Mimosa Willamo

Mimosa Willamo made her breakthrough performance in Antti Heikki Pesonen’s “Headfirst.” The film’s success brought Mimosa to the attention of the mainstream audience and also delivered her first Jussi Award for Best Supporting Actress in the Finnish Film Academy Awards. Since then, Mimosa has been considered as one of the most exceptional young talents of Finland and has worked consistently in numerous film and TV productions. In 2016, Mimosa was nominated for another Jussi Award for her role in Taneli Mustonen’s “Bodom,” and won the Best Actress Award at the Screamfest Film Festival in LA for that film. Earlier this year, Mimosa played the lead role in “Aurora,” Miia Tervo’s debut feature film. Mimosa’s astonishing performance as Aurora, the young troubled party girl from Lapland, has garnered her widespread attention from the international film industry. The film was the opening film for the Göteborg Film Festival, and has been screened at several film festivals this year, including SXSW and the Seattle International Film Festival and has received multiple awards and nominations around the globe. Mimosa has won the Best Actress Award for this role at the Satisfied Eye International Film Festival in London. More recently, she was cast as one of the leads in the Swedish crime/drama series “Box 21” where Mimosa plays the role of the young criminal inspector, Mariana Hermansson.

Tara Karajica caught up with her at this year’s Black Nights Film Festival, where she is one of the six Black Nights Stars.



What made you want to become an actress?

Mimosa Willamo: I never wanted to be an actor. My career is a wonderful mistake, made possible by good timing and luck.

You have starred on TV and in film. Which medium do you prefer? Why?

M.W.: Both have their pros and even some cons. Film is where it all started and I feel that when filming a movie, you might sometimes have more time and a story that is allowed to be complete. In TV, there is always the possibility for more seasons, so you have to make choices that you might be unhappy with later. Then again, TV allows you to go deeper, be slower, break more boundaries and take chances.

How much of you is there in every character you play? Do you manage to dissociate yourself completely from your persona in order to play someone else?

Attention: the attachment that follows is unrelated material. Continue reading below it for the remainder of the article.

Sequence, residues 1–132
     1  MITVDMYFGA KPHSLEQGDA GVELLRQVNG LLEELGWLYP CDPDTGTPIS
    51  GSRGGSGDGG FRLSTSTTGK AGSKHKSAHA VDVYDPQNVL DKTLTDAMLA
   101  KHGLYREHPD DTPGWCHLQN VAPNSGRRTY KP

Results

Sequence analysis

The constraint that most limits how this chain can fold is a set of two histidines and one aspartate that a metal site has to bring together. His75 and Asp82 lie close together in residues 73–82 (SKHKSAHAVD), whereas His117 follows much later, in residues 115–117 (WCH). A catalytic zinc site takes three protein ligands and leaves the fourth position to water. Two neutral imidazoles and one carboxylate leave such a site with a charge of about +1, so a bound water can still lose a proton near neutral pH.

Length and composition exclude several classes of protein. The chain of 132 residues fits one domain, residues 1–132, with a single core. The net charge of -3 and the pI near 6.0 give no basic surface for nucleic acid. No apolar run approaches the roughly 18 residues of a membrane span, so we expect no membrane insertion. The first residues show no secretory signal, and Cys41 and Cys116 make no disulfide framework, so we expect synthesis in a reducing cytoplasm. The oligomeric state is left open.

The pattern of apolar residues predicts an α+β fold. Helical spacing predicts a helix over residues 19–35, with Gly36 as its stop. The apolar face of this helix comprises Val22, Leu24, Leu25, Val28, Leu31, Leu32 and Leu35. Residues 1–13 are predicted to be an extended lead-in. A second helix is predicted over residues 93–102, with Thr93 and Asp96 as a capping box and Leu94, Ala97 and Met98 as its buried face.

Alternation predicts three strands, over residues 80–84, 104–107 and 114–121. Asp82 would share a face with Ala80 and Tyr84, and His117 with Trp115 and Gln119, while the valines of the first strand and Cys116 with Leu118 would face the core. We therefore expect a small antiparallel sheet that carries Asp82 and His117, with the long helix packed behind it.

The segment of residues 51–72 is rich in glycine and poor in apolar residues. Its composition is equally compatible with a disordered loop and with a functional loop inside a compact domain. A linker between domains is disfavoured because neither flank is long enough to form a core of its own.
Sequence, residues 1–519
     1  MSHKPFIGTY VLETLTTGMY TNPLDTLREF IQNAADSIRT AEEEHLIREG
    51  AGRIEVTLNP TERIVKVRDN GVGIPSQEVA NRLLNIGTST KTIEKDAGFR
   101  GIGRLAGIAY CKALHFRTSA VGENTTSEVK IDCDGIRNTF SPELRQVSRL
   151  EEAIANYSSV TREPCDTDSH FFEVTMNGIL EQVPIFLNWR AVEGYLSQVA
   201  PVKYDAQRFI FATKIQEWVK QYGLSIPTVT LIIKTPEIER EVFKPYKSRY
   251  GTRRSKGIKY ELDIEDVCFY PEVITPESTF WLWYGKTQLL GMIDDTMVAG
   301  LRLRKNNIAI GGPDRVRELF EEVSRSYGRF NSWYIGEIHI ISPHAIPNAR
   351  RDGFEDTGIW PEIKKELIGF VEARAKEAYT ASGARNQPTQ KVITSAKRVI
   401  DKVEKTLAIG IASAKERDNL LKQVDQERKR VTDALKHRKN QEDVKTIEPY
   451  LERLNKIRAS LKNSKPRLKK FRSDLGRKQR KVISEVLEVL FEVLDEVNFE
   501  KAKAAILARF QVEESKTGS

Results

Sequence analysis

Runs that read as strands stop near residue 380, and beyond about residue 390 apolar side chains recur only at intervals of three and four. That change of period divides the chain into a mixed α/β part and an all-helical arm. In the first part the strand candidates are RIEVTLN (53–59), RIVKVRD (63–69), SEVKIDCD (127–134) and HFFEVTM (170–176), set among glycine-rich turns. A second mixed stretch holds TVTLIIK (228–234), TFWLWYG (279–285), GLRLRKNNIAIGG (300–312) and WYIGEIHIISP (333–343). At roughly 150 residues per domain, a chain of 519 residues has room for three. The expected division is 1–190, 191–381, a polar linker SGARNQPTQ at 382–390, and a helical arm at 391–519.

M.W.: It depends so much on the character. Some characters are me with a twist, some are a different person who mostly just borrows my body and voice. I feel like I work better when I find something that links me to the character, that there’s a steadier basis to start building on. Also, I have found something major in common in every character I’ve found specially interesting. That might be because every character you have more time with – to prepare and play – I’ve found more interesting than the “quick ones.”

Which of your numerous roles is your favorite? Is there a particular role that you would like to play, someone you would like to be?

M.W.: Aurora is and probably will always be a special one for me. I don’t have a particular character I’d dreamed of – although if I’d ever got to do “Ronja Rövardotter” I’d immediately say yes! But, of course, there are types of roles that interest me. If there’s something “off” in a character and you can’t name it right away, it makes work more interesting.

How do you prepare for your roles? What is the most interesting skill you have had to learn for a role?

M.W.: Mostly, I get to know my colleagues and the director. If possible, also the screenwriter. There haven’t been that many special skills that have taken time, but obviously I get trained how to hold a gun before I hold a gun. Or, how to speak a dialect that isn’t my own. I had a lot of fun when I got to learn walking in high heels and slack rope walking. I still know my way around in heels, but wouldn’t probably be especially great slacklining.

Has there been a role that has had such an impact on you that it has completely and deeply changed you and the way you perceive the world? If so, which one and why?